Those who burnt the midnight oil to sit up and watch the Olympic individual jumping final were richly rewarded with a spectacular class followed by a heart-stopping jump-off which saw Ben Maher (GBR) and Explosion W win gold.

The top 30 from the qualifier were faced with another very challenging course from Spaniard Santiago Varela. The course was both big and beautiful. It was a far gruntier version of the qualifier but was just as colourful and vibrant with bridges, bonsai trees, blossoms and a sumo wrestler. The biggest of the 18 efforts was 1.65m high with the widest 1.9m. Combinations came out in reverse order from their qualifier results.

Six superb combinations came through to the jump-off where each continued to raise the bar. First out was Japanese rider Daisuke Fukushima aboard Chanyon who were all clear and set the mark with their 43.76-second effort. But Malin Baryard-Johnsson (SWE), one of three Swedes in the jump-off, rode a very bold clear aboard Indiana in 40.76 seconds.
Her fellow countryman Peder Fredricson and All In rode very slick lines to take the mark to 38.02 seconds. Then came Ben Maher and his aptly named chestnut Explosion W who crossed the flags in 37.85 seconds.

Henrik von Eckermann (SWE) and King Edward couldn’t quite match them with their 39.71 second round, and nor could Maikel van der Vleuten (NED) aboard Beauville Z who came home in 38.9. It was a jump off befitting an Olympic final with all six double clear.

Daniel Meech and Cinca 3 were the only Kiwis to make it through to the final, but as the 30th qualifier were first on the course. They jumped beautifully, however had three fences down and picked up two time faults. They were later eliminated for a superficial nick on the side of the side of the horse. “It was an unlucky nick from the spur,” said Daniel. “There is no wound or cut and for that reason we protested the (elimination) ruling but the rule is the rule.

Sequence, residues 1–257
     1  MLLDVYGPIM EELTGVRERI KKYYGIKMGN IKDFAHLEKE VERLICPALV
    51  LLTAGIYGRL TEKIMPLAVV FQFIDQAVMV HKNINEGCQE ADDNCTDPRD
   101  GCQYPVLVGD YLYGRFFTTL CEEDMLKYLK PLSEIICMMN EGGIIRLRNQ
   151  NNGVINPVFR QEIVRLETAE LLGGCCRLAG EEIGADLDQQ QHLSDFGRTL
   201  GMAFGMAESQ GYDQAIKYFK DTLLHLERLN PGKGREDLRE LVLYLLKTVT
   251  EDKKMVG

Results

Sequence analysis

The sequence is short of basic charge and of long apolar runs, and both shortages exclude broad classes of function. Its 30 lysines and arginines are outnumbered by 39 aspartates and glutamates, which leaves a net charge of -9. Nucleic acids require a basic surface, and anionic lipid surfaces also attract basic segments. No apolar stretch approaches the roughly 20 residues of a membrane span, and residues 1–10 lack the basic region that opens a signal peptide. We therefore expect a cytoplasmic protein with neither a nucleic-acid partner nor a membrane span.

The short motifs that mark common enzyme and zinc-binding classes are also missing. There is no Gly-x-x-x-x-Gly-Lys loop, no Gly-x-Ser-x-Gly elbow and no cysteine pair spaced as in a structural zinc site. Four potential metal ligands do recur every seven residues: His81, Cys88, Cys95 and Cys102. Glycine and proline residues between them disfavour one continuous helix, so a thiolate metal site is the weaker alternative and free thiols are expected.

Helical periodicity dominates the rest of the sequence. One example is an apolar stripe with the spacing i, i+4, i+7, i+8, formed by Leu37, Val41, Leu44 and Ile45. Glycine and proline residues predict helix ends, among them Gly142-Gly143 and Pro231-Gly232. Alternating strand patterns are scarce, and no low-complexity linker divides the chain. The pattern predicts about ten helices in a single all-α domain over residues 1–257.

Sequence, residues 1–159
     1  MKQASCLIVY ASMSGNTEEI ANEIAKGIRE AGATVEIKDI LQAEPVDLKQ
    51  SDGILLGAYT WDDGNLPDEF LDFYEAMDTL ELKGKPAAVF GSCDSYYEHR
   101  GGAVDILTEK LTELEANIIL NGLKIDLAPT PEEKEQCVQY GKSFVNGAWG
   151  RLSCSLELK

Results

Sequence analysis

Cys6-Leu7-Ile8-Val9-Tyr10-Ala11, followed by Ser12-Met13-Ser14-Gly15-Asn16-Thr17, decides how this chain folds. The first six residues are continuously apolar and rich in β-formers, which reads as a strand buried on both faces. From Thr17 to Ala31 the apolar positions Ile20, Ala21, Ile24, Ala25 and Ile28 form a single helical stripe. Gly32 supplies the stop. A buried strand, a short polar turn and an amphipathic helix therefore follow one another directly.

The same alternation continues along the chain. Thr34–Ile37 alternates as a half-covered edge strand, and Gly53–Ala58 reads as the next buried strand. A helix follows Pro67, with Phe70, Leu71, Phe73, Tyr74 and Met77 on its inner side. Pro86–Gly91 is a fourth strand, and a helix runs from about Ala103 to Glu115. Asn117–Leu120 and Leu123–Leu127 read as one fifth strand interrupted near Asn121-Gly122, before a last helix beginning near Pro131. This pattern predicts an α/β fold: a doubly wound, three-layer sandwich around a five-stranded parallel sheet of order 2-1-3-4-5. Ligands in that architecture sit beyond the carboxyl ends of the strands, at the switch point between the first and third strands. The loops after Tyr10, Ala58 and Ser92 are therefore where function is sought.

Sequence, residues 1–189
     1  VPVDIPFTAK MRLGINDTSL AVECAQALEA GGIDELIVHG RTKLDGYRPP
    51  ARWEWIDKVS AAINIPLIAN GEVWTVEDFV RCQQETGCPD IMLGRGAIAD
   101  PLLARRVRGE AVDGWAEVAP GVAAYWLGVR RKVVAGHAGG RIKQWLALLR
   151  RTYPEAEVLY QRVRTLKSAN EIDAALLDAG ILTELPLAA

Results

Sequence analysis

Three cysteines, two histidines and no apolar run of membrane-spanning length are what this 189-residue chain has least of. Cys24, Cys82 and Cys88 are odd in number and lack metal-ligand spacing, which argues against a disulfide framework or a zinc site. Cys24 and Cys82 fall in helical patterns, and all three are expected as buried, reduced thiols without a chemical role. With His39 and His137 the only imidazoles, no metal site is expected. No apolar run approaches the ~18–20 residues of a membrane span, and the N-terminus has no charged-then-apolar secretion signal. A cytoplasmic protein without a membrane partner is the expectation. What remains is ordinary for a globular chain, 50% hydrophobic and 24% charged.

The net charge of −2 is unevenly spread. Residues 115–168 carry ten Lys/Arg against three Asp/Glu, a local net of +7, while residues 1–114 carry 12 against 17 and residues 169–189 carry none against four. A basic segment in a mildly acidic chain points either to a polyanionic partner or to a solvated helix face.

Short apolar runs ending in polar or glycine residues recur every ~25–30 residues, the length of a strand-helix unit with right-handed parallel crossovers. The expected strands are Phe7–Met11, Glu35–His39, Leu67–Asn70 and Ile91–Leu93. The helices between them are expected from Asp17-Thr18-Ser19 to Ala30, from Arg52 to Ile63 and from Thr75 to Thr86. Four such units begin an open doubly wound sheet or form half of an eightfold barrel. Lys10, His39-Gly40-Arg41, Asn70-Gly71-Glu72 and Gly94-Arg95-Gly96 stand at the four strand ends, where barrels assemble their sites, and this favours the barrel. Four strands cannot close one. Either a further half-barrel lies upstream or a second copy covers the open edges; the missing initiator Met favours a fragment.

“She jumped amazing tonight. I am really happy with her. I think she knew she was going to have to try really hard. She jumped very big with the wall going into the first double so was so close to the second and you could then feel she just slowly lost a little energy.”

As it was she had down the second of each of the double combinations (fences six and 11), as well as a fence following (fence 12). They also picked up two time penalties to finish on 14 faults for their round. “It just wasn’t our day today.”

The weather today had added another dimension too. “Today you really felt the heat – even when we were walking the course it was really humid and even when I was warming up it was just after six and the sun was still up so it was very, very humid. So that played a big part for me today.”

But he was still incredibly proud of the 12-year-old mare who had graced the stage as part of a final featuring the top 30 horses in the world. The team behind the horse, including groom Steffi Whittaker, owner Desiree Johnston and others had all had a big hand in getting her to the competition. ‘”I am proud we made the final and she put in a really solid effort. It was nothing to be ashamed of for sure.

“She is definitely very capable and yesterday was her day when she really showed her class. To jump clear tonight, the horses needed real 5* experience – those who were winning jump these big tracks often and this is their second or third championship. Yesterday was her day and she probably just put a little bit much out. She put in such a gutsy effort over two days of the hardest jumping I have ridden in a long time,” said Daniel.

Tomorrow is a rest day before the team competition gets underway on Friday. The second horse inspection is on Thursday afternoon with the starting three announced after that.


By Diana Dobson – HP Media Liaison
Photos by Libby Law/ESNZ